Tag Archives: foreign-affairs

Exporting Poor Work Environments

After a long time of suc­cess­fully man­aging to avoid the blog, I even­tu­ally clicked this past week when I was sent Fake Steve Jobs’ reac­tion to the news that an employ­ee of Fox­conn, one of Apple’s Chinese ‘man­u­fac­tur­ing part­ners’, com­mit­ted sui­cide shortly after report­ing a miss­ing iPhone v4 pro­to­type.

We can­’t make these products in the United States. Nobody could afford to buy them if we did. And, frankly, the qual­ity would be about half what we get out of China. […]

We all know that there’s no fuck­ing way in the world we should have microwave ovens and refri­ger­at­ors and TV sets and everything else at the prices we’re pay­ing for them. There’s no way we get all this stuff and everything is done fair and square and every­one gets treated right. No way. And don’t be confused—what we’re talk­ing about here is our way of life. Our stand­ard of liv­ing. You want to “fix things in China,” well, it’s gonna cost you. Because everything you own, it’s all done on the backs of mil­lions of poor people whose lives are so awful you can­’t even begin to ima­gine them, people who will do any­thing to get a life that is a tiny bit bet­ter than the shitty one they were born into, people who get exploited and treated like shit and, in the worst of all cases, pay with their lives.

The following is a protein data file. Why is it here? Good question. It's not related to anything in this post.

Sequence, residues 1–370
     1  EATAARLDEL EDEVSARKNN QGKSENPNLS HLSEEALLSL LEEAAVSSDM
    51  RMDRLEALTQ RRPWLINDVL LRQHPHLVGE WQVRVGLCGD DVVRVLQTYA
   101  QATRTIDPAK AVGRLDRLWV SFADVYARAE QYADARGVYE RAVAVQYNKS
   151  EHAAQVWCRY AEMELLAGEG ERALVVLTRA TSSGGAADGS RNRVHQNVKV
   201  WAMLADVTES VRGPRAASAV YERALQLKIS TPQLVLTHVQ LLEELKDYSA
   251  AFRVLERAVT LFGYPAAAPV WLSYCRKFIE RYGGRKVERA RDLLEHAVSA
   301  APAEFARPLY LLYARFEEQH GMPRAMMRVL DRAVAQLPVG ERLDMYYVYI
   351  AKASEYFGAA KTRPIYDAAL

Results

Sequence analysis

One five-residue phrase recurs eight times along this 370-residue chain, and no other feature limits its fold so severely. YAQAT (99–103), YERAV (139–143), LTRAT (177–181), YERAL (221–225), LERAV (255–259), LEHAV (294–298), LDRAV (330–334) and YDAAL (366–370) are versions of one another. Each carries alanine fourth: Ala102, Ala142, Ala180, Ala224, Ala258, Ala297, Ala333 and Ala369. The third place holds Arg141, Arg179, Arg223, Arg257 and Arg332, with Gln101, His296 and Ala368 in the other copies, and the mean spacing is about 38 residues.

You know that, and I know that. Okay? Let’s just be hon­est here.

It reminds me some­what of Jared Dia­mond’s Col­lapse, spe­cific­ally where he dis­cusses how “[China and Japan con­serve their] own forests by export­ing defor­est­a­tion to oth­er coun­tries, sev­er­al of which (includ­ing Malay­sia, Pap­ua New Guinea, and Aus­tralia) have already reached or are on the road to cata­stroph­ic defor­est­a­tion” (emphas­is mine).

Now, are first world coun­tries like the U.S. and those of West­ern Europe not just export­ing poor work envir­on­ment stand­ards to the second world coun­tries of Indone­sia, Malay­sia and China (as a con­sequence of large-scale, inex­pens­ive man­u­fac­tur­ing that we no longer can/want to under­take)?

Top Ten Foreign Affairs Articles

After com­pil­ing a few ‘top ten’ lists of clas­sic for­eign affairs books, Steph­en Walt—professor of inter­na­tion­al affairs at Har­vard University—compiles a more digest­ible ver­sion: the top ten art­icles in the field of inter­na­tion­al rela­tions.

The ten art­icles Walt recom­mends are below, but click through to the ori­gin­al to see his reas­on­ing behind each choice and to check out the com­ments.

  1. Albert Wohl­stet­ter­’s The Del­ic­ate Bal­ance of Ter­ror (pdf).
  2. Man­cur Olson and Richard Zeck­haus­er­’s An Eco­nom­ic The­ory of Alli­ances (pdf).
  3. Ken­neth Waltz’s Inter­na­tion­al Struc­ture, Nation­al Force, and the Bal­ance of World Power.
  4. Robert Jer­vis’ Hypo­theses on Mis­per­cep­tion (Sum­mary).
  5. Michael Doyle’s Kant, Lib­er­al Legacies, and For­eign Affairs (Sum­mary).
  6. John Rug­gie’s Inter­na­tion­al Regimes, Trans­ac­tions, and Change: Embed­ded Lib­er­al­ism in the Post­war Eco­nom­ic Order (pdf).
  7. Alex­an­der Wendt’s Anarchy is What States Make of It (pdf).
  8. Martha Fin­nemore and Kath­ryn Sikkink’s Inter­na­tion­al Norm Dynam­ics and Polit­ic­al Change (pdf).
  9. Wil­li­am C. Wohlforth’s The Sta­bil­ity of a Uni­polar World (pdf).
  10. Alex­an­der George’s Case Stud­ies and The­ory Devel­op­ment: The Meth­od of Struc­tured, Focused Com­par­is­on (pdf).

If any­one spots full-text ver­sions of art­icles 3, 4, 5 and 10, please do let me know and I’ll update the post.